In those days there were no buses, trains or airplanes. One had to travel by foot, or on the back of a mule, donkey, or camel. I've tried riding on a camel in that land, and I wouldn't recommend it to anyone! What an unfortunate situation! The decree could not have been given at a more inconvenient time!

I can easily imagine the dialogue between Mary and Joseph.
"Mary," said Joseph, "We have to go on a journey."
"To Bethlehem."
"What!? That's crazy!" was Mary's startled reply. "Travel in my condition?"
"Yes, we must travel."
"And what will happen to my son? His life may be in danger!"

Those of you who are mothers can easily better my imagination in this situation. What a crisis that young girl had to face! Her world was shattered! All her dreams while Jesus was in her womb... of something beautiful about to happen to her, suddenly turned into a nightmare. A strange town awaited her. The new plan did not allow for her midwife to be with her. Neither would her mother be present to help her. She would be vulnerable and unprotected. All her plans and ideas were disrupted. Her idea of how beautiful the birth of Jesus would be... collapsed. Sometimes our world also caves in, just as how in Mary's case, everything turned upside down.

Have you ever tried to walk a long way on a dirt road? If you have done this, then you could add much to this story with regard to the physical troubles involved. Let's think of Mary riding on a donkey. Thank God for donkeys! But, have you ever imagined what an uncomfortable position this was for a woman in her last month of pregnancy? Each step and every movement the animal took meant discomfort and pain for Mary.

Pain, Uncertainty, Fears...

Mary, who had been awaiting something beautiful, was now surrounded by fears. What if the baby was born on isolated roads? I can imagine her dialogue with God, "Lord, this was all supposed to be so wonderful, but instead, everything seems to be so bad! Someone made a mistake! Where is that angel? Where is that grace, glory, bliss, and the feeling I had when You gave me the promise? ...when my bursting heart cried out that psalm with such strength and conviction, My soul doth magnify the Lord, and my spirit hath rejoiced in God my Saviour (Luke 1:46)."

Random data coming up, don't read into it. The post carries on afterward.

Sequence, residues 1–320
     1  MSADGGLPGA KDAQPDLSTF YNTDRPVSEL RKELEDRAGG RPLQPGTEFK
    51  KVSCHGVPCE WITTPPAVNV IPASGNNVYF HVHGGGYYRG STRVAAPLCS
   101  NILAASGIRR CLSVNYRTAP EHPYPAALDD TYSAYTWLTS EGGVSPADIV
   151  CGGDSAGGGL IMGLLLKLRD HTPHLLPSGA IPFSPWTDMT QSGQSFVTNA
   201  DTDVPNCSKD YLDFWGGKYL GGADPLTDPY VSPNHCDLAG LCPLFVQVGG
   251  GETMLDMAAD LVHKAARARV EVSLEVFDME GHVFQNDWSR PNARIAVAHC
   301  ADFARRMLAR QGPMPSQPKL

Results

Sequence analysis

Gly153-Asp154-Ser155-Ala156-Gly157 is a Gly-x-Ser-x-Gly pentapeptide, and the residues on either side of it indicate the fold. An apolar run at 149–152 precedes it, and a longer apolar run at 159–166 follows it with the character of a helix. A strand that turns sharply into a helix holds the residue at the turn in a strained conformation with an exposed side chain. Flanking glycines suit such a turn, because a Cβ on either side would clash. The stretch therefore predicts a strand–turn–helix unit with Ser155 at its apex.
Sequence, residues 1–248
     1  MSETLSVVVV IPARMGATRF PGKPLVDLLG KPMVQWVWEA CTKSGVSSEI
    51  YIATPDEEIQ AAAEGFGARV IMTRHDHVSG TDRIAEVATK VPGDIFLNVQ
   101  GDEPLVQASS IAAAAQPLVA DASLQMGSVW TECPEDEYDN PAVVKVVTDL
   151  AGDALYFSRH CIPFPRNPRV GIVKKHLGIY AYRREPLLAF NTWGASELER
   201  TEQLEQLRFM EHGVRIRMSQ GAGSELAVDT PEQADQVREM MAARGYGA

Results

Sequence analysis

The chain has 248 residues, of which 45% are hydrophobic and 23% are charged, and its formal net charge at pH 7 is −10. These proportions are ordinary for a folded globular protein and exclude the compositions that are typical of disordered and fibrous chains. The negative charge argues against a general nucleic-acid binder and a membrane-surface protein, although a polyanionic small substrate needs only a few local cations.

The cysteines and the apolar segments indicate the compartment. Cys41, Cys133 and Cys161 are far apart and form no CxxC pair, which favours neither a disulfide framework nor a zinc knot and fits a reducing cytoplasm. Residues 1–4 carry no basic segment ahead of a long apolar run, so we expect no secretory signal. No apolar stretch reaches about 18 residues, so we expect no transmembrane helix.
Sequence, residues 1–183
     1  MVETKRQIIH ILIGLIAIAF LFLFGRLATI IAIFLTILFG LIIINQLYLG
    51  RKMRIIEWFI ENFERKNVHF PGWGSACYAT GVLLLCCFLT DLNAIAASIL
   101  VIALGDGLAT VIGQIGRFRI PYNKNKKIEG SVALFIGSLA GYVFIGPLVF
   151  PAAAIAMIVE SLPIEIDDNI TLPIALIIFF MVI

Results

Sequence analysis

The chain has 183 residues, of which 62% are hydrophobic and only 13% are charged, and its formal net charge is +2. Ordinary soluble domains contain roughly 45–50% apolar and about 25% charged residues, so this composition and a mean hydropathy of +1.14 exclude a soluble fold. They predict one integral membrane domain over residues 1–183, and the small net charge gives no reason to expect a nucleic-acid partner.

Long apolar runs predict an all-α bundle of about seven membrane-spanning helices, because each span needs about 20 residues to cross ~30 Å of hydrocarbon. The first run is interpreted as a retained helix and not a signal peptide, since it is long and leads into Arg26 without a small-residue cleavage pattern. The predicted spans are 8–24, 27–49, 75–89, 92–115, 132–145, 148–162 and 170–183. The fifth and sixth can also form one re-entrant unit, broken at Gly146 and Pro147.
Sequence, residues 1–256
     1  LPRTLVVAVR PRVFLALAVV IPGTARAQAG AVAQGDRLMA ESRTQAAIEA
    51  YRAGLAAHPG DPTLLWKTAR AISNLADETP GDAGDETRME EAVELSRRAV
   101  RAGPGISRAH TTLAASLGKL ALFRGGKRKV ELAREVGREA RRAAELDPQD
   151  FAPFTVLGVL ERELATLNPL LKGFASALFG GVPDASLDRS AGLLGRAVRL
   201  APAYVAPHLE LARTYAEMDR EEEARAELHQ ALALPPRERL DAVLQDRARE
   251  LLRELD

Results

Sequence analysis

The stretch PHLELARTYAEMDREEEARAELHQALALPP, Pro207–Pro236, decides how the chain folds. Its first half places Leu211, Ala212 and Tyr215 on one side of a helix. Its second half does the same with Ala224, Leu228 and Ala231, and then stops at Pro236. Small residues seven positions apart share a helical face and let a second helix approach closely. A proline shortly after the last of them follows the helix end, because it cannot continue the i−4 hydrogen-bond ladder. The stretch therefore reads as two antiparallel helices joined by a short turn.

No, I don't believe Mary recited that psalm while riding on the donkey, or while plodding along the dusty roads, or while climbing up and going down the hills of Judea in the heat. She was in an agony of accumulating fears and worries. This young girl, who was about to give birth through such difficult circumstances, saw nothing glorious, but the world, to this very day, remembers it as a glorious moment. The week before Christmas was the most terrible that she had ever had to go through in all her life. The events prior to seeing the glory, were the most difficult she had ever experienced. Oh, the acid comments of the enemy were not missing. How could they possibly not be present? "Wasn't it you who said, 'My soul doth MAGNIFY the Lord, and my spirit hath REJOICED in God my Saviour'?" No, the Word of God doesn't tell us what her thoughts were; we only know that the week before the most beautiful event in history occurred, this woman passed through her own hell.